Monday, November 29, 2004


Since the 21 November second round voting in the Ukrainian Presidential elections, I was struggling to just keep up with the events, reading A Fistful Of Euros and other sources;I didn't come to blog about it - so here, some thoughts.

First a bit of history. People prefer to talk about an East/West, or Northwest/Southeast division, but I think a better description is to split the first in two and describe regional differences in three parts. (Of course there are even finer gradations, Alexei of The Russian Dilettante comments about a nine-way one at A Fistful Of Euros.)

Western Ukraine is the onetime Halych (Galicia) and Volodymyr (Vladimir, Ladomeria), Slavic kingdoms which were influeced by (and sometimes occupied by) not only Kyiv or Novgorod but Western neighbours Hungary and Poland, too. They were ruined in the Mongol invasion around 1240, but in the next century briefly grew into one major kingdom in the vacuum, then collapsed under invasions from newly growing Lithuania, and was divided between Lithuania (the Volhynia region) and Poland, which later united. At the same time, after the Rus' church, which previously refused to take sides in the Great Schism, split in three stages (1299-1453-1596, more on this in the Comments), this area was catholicised under Polish rule. When Poland was carved up by Prussia, Russia and Austria in the 18h century, the area mostly fell to Austria. Between the two world wars, this part again belonged to Poland, only after did Stalin add it to Ukraine. However, in the 19th century, the Ukrainian language-nationalist movement and culture was born there.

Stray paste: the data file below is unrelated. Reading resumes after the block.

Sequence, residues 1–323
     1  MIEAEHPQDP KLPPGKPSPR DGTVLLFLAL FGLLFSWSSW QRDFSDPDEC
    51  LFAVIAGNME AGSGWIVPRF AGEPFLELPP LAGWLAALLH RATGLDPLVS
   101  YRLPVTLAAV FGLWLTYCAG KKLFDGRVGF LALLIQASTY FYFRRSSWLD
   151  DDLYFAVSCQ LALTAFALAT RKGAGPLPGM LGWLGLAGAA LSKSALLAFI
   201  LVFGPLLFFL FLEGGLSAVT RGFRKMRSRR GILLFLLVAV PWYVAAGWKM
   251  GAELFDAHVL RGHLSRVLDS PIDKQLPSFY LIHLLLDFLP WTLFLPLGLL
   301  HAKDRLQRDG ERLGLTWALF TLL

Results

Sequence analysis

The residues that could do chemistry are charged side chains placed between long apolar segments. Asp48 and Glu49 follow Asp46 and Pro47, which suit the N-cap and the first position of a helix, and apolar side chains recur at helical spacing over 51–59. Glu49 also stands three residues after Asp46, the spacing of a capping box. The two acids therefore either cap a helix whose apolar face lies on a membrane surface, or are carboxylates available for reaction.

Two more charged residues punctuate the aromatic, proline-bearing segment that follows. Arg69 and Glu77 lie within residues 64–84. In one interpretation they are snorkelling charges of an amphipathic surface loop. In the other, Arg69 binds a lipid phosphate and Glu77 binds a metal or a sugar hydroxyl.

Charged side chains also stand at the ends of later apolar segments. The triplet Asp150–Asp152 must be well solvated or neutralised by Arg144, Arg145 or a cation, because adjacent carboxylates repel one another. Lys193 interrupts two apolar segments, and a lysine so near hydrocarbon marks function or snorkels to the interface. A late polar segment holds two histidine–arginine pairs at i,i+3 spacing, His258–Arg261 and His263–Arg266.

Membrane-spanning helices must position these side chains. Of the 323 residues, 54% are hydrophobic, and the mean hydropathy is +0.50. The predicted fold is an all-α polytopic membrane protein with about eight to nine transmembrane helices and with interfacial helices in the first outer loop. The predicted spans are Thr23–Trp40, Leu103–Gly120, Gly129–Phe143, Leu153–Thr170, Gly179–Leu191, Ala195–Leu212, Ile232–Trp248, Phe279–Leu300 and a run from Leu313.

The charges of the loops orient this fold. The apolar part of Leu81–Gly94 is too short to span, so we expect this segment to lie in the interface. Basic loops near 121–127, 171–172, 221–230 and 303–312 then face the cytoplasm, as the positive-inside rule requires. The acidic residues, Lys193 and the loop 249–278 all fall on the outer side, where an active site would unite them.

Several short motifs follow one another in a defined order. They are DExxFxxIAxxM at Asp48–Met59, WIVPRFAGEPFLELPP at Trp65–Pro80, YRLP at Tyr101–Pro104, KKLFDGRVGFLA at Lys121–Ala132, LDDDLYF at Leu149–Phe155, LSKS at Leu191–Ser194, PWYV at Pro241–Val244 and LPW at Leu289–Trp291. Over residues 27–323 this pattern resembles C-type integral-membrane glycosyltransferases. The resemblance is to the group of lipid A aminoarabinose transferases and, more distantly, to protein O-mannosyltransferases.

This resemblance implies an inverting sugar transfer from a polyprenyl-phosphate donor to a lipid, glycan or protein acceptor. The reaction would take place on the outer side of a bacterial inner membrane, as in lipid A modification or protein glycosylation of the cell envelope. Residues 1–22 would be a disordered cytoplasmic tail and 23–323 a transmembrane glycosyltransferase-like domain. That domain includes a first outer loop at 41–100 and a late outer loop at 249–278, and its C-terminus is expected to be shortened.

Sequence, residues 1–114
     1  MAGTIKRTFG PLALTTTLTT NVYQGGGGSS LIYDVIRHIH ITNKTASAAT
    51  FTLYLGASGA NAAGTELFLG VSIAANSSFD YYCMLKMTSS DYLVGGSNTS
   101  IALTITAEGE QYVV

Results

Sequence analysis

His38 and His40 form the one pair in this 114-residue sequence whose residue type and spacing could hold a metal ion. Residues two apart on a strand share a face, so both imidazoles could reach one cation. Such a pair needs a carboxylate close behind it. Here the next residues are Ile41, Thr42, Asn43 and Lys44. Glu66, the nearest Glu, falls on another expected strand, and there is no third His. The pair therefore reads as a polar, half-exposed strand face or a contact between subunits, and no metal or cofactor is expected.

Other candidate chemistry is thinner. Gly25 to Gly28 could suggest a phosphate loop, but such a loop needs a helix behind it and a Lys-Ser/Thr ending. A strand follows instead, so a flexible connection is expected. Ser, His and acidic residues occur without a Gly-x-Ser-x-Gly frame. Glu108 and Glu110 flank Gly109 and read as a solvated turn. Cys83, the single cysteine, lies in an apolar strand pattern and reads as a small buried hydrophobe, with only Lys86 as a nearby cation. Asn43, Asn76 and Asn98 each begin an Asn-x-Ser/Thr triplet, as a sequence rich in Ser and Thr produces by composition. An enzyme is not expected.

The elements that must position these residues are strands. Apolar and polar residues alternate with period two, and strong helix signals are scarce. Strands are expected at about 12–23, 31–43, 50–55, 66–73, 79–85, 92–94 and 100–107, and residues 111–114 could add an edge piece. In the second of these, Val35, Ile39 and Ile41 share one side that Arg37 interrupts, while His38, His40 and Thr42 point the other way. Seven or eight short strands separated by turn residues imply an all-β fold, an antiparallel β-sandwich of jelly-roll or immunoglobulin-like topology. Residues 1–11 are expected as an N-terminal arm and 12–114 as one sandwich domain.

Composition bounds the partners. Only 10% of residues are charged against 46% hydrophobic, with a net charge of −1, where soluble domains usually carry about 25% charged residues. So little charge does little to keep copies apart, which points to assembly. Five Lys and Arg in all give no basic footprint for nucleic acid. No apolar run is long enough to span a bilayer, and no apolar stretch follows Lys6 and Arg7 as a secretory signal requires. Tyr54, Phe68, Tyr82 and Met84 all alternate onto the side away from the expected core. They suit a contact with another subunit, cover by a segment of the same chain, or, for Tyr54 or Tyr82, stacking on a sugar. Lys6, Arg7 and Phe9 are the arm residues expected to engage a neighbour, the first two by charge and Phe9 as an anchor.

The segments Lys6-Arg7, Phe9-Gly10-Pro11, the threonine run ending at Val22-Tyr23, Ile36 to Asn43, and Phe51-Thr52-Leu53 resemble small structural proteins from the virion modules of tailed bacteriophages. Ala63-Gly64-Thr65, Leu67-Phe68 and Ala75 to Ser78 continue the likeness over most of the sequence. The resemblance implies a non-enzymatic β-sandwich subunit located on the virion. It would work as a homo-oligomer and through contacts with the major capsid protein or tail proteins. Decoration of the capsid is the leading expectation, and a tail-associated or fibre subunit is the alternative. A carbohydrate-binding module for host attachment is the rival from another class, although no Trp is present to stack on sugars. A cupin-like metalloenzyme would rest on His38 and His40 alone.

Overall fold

Northern-Central Ukraine was once the centre of Rus' - Kyiv was the capital of the main Rus' principality. But the Mongols utterly destroyed this region, and its remains were conquered by Lithuania, later to be under ever weaker (and receding towards the West) Polish control. In the time of constant Tatar [remains of the Mongols] - Russian - Ottoman - Polish conflicts, in this area semi-independent Cossacks were settled, who later came under increased Russian central rule - hence the dominant religion, and after later Russian 'orthodoxisation' almost exclusive religion, was Eastern Orthodox, and people feel closer to Russia. However, the "bratstva" brotherhoods that formed to resist Polish catholisation efforts, and other movements that claimed the heritage of the Kyivian Rus' as cultural center, and thought there are too many Finno-Ugrian 'barbarian' traits of Muscovite Russia, stood for an identity separate from Russian - hence they merged with/absorbed Western Ukraine easily. With the exception of Kyiv, this is a mostly agrarian region.